Strategic Challenges in a Global Market
Chapter 5: Structural and Strategic Adjustment in European Mobile Telecommunications
5.1 INTRODUCTION On 1 May 2004, the European Union (EU) witnessed its single largest expansion when ten countries joined. The accession of these ten countries – Cyprus (South), Czech Republic, Estonia, Hungary, Latvia, Lithuania, Malta, Poland, Slovakia and Slovenia – not only irrevocably changed the EU but shifted the whole concept of ‘Europe’ further to the East and gave rise to speculation as to how far it could eventually encroach into parts of the world previously considered to be in some obvious senses ‘Asian’. Historically, the term ‘Eurasia’ was sometimes used and still is in some quarters, but it cannot be said to encompass a discrete region for the purposes of this book. At the time, the EU was already committed to welcoming two additional members into the fold, namely Bulgaria and Romania, and this duly took place on 1 January 2007. These countries will not be the last to join the EU – although Kosovo is excluded for now since not all EU countries accept its independent status – since there is still a queue of prospective entrants, but from the point of view of telecommunications there is no longer any useful purpose to be served in diﬀerentiating the EU from Europe as a whole. This chapter accordingly takes the view that Europe is a moveable feast that is moving constantly eastwards and south-eastwards. This makes it diﬃcult to draw a line in the sand – for example, parts of Russia are clearly European while most of the country lies in Asia....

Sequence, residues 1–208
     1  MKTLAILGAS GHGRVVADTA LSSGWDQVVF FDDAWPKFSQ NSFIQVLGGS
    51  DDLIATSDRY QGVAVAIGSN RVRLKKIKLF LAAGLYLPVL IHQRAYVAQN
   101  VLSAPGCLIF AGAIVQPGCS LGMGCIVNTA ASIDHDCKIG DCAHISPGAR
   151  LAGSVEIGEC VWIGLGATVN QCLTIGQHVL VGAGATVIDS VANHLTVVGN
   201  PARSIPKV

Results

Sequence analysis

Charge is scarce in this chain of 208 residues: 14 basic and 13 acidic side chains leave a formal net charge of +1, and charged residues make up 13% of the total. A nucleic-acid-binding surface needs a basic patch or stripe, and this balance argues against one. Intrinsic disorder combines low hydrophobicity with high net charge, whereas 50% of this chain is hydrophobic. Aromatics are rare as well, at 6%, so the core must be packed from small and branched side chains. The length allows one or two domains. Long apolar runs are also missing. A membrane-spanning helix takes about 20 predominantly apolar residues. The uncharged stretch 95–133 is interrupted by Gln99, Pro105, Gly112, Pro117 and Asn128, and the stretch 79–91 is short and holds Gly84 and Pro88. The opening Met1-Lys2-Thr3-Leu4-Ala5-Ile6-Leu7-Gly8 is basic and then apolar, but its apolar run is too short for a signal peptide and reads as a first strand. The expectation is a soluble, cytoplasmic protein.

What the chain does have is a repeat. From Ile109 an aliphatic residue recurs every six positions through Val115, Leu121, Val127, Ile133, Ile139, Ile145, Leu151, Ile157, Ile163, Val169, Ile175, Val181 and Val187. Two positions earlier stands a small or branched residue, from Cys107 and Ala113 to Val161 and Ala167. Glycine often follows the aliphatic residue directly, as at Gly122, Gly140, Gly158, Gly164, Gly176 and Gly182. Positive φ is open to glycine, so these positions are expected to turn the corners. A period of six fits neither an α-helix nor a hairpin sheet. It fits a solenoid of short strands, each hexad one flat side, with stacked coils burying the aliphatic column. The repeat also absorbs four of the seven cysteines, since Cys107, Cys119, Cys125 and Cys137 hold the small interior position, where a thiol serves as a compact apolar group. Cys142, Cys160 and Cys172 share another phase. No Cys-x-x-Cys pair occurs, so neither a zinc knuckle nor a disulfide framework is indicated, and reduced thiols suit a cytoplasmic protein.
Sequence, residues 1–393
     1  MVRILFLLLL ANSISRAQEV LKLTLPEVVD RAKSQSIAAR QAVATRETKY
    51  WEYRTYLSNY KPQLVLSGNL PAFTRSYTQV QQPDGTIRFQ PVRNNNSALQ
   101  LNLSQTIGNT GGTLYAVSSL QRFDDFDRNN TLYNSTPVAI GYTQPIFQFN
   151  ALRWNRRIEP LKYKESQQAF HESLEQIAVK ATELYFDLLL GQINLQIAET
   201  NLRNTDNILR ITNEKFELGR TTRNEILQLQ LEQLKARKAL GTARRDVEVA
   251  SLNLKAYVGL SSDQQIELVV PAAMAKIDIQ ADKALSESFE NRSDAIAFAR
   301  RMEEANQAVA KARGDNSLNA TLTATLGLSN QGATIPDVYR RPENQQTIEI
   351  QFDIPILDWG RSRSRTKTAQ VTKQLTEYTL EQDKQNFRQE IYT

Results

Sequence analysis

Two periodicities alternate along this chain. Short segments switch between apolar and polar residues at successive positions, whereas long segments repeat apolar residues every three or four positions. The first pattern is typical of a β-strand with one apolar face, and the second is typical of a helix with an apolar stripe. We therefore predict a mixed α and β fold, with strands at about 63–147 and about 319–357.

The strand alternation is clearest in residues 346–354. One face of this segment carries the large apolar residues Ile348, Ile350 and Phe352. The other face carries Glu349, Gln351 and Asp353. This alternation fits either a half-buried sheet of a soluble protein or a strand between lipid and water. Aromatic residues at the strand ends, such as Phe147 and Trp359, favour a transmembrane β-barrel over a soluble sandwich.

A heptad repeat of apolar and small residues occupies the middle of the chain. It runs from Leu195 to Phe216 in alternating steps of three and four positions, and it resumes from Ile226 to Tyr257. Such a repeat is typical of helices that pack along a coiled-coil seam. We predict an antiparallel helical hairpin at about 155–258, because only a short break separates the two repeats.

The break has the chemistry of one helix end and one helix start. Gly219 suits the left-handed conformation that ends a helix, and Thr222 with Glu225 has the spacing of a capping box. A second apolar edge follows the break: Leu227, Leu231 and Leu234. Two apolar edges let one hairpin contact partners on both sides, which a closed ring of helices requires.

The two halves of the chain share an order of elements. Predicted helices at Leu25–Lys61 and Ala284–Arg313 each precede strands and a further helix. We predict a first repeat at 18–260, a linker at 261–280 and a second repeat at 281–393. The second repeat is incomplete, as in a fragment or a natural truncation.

You are not authenticated to view the full text of this chapter or article.